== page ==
|The first set of the "Platonic" Cyclohedra cast in 1988. (Photo: 2016, DS)|
"Lateral thinking is solving problems through an indirect and creative approach, using reasoning that is not immediately obvious and involving ideas that may not be obtainable by using only traditional step-by-step logic. The term was coined in 1967 by Edward de Bono."
- Via the Wiki entry for lateral thinking.
"They were most famously used by Eno during the recording of David Bowie's Berlin triptych of albums (Low, "Heroes", Lodger). Stories suggest they were used during the recording of instrumentals on "Heroes" such as "Sense of Doubt" and were used more extensively on Lodger ("Fantastic Voyage", "Boys Keep Swinging", "Red Money"). They were used again on Bowie's 1995 album Outside, which Eno was involved with as a writer, producer and musician. Carlos Alomar, who worked with Eno and Bowie on all these albums, was a fan on using the cards, later saying "at the Center for Performing Arts at the Stevens Institute of Technology, where I teach, on the wall are Brian Eno’s Oblique Strategies cards. And when my students get a mental block, I immediately direct them to that wall."
- From the Wiki entry for Oblique Strategies, a card game created by Brian Eno and Peter Schmidt and first published in 1975. David Bowie's personal deck (pictured above, inset, right) was found here.
|Les stratégies obliques (and here)|
"Allow an easement (an easement is the abandonment of a stricture)"
- The "oblique strategy" presented to moi when I clicked the link for the online version of Brian Eno's Oblique Strategies. (English only, but there is a French version on the web somewhere... at least there was... as well as a Japanese version.)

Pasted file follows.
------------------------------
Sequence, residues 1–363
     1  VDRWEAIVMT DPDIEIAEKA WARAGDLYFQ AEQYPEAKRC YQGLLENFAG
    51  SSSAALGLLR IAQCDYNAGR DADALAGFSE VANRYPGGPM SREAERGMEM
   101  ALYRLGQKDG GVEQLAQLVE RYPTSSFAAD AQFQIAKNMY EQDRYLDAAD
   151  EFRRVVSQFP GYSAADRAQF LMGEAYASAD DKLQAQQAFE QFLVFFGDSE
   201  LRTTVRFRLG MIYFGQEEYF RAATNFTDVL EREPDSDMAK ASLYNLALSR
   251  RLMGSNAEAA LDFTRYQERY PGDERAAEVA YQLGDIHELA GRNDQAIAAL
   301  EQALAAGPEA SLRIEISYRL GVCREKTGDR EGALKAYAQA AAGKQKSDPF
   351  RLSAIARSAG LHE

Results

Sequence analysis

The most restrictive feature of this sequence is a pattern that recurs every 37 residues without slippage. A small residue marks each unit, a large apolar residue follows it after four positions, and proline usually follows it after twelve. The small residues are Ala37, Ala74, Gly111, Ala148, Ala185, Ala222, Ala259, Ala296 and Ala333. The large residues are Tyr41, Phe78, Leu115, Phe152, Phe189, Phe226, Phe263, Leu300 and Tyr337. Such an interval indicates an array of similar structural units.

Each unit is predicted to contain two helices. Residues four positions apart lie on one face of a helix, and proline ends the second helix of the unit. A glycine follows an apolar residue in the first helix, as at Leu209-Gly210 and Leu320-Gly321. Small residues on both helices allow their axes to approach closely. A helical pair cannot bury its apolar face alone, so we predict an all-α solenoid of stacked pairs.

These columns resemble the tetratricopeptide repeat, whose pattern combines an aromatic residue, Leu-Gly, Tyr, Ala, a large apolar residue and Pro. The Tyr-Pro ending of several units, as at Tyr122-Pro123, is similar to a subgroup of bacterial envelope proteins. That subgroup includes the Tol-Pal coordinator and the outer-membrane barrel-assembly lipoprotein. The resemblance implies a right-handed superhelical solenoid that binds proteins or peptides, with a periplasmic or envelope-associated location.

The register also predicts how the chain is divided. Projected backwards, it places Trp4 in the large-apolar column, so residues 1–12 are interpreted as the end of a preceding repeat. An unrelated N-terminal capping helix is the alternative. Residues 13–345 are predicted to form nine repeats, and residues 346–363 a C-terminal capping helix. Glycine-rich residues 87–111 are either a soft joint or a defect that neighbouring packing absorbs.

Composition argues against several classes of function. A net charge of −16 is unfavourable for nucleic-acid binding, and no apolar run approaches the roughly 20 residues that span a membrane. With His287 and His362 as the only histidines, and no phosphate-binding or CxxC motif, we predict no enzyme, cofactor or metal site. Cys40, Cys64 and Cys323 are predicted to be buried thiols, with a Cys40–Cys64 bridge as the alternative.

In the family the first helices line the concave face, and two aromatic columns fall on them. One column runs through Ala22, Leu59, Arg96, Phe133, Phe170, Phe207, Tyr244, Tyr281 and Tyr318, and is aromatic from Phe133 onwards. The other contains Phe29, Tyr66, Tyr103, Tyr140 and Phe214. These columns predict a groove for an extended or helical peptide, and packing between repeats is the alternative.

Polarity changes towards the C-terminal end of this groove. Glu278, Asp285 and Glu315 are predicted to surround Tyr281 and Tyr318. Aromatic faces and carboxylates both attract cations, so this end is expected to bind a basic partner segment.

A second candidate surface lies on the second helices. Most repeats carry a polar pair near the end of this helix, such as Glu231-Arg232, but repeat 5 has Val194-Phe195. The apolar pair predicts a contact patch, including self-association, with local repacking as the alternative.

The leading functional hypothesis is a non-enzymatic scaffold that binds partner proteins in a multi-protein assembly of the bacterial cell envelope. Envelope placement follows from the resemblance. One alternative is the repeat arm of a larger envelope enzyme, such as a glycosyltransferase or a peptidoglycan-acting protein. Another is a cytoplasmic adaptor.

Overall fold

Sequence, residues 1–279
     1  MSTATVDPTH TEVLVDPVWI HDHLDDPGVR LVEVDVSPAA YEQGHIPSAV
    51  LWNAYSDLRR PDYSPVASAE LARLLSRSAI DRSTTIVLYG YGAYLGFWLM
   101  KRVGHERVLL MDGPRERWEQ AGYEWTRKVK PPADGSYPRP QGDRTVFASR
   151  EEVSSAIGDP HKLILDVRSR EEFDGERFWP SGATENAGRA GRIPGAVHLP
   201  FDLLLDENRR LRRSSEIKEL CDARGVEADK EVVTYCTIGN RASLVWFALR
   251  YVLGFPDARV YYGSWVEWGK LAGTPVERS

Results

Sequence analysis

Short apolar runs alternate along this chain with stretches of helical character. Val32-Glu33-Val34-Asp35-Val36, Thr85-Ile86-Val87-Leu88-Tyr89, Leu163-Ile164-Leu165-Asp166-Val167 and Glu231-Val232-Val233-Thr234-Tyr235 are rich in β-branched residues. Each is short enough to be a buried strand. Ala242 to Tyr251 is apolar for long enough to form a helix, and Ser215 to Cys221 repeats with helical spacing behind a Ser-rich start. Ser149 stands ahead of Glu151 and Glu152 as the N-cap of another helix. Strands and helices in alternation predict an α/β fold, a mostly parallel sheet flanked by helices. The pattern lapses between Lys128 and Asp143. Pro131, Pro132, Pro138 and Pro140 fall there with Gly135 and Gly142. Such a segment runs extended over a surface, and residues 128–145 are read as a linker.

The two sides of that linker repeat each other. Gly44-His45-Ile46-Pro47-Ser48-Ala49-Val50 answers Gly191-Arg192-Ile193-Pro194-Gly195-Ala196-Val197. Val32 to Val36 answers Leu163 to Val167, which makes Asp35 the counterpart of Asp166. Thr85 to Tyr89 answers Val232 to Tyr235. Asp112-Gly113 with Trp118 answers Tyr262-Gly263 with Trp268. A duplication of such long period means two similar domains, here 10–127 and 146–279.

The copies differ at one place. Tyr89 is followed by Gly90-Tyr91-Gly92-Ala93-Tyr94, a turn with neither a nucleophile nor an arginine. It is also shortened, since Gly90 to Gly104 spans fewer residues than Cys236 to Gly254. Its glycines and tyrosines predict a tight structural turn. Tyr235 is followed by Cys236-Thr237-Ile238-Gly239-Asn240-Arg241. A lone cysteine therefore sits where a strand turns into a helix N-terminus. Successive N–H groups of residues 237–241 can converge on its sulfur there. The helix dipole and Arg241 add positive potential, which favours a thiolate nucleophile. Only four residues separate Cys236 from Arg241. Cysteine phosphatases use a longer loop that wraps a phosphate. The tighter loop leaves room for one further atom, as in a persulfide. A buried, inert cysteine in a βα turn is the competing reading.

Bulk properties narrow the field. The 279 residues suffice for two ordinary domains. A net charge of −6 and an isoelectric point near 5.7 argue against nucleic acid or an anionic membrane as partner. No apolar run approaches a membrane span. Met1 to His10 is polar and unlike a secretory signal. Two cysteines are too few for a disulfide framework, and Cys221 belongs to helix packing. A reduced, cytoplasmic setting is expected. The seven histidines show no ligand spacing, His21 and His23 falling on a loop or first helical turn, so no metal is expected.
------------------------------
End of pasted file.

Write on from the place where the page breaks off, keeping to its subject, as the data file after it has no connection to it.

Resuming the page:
"As it happened, the subject of maps came up that day, during a game of Triakis, a game which was fairly new to the Prince, and one for which his uncle insisted he needed training. As it was, he'd just made, what he thought, was a strategic move, but when his uncle's turn came, the boy lost another avatar.
"You will never understand this game, Nathaniel," his uncle grinned, flipping the tetrahedron in the air and then catching it, "until you look at the board as if it were a map."
But, all the Prince really saw when he looked at the diamond- shaped board was a mosaic of triangles, and he said so.
"Well, yes, the board is composed of triangles, but, look closely: those triangles are really portions of hexagons, and it's by the hexagons, one calculates the most advantageous moves to make," explained his uncle."But, that's not like real maps," Nathaniel complained, "not like the ones of Elidon Wold you have in the library."
"Well, no," laughed his Uncle, "not like those I own, but precisely like the ancient maps that were made by the Avians."
"Avians? Do you mean, actual birds?" his nephew asked incredulously. "Birds made maps?!"
"The Avians weren't exactly birds, Nathaniel", explained his uncle, "but, like birds, they could fly. Ultimately, it was they who discovered Elidon Wold, and gave it its name. But that was in a different circle of time..."
"Do you mean, when you were a boy, Uncle?"
"Oh no," said his uncle, "I was never a boy. I was as you see me now... as I always have and always will be seen. I merely meant a circle of time in which boys like yourself were not physically located."
(post in progress...)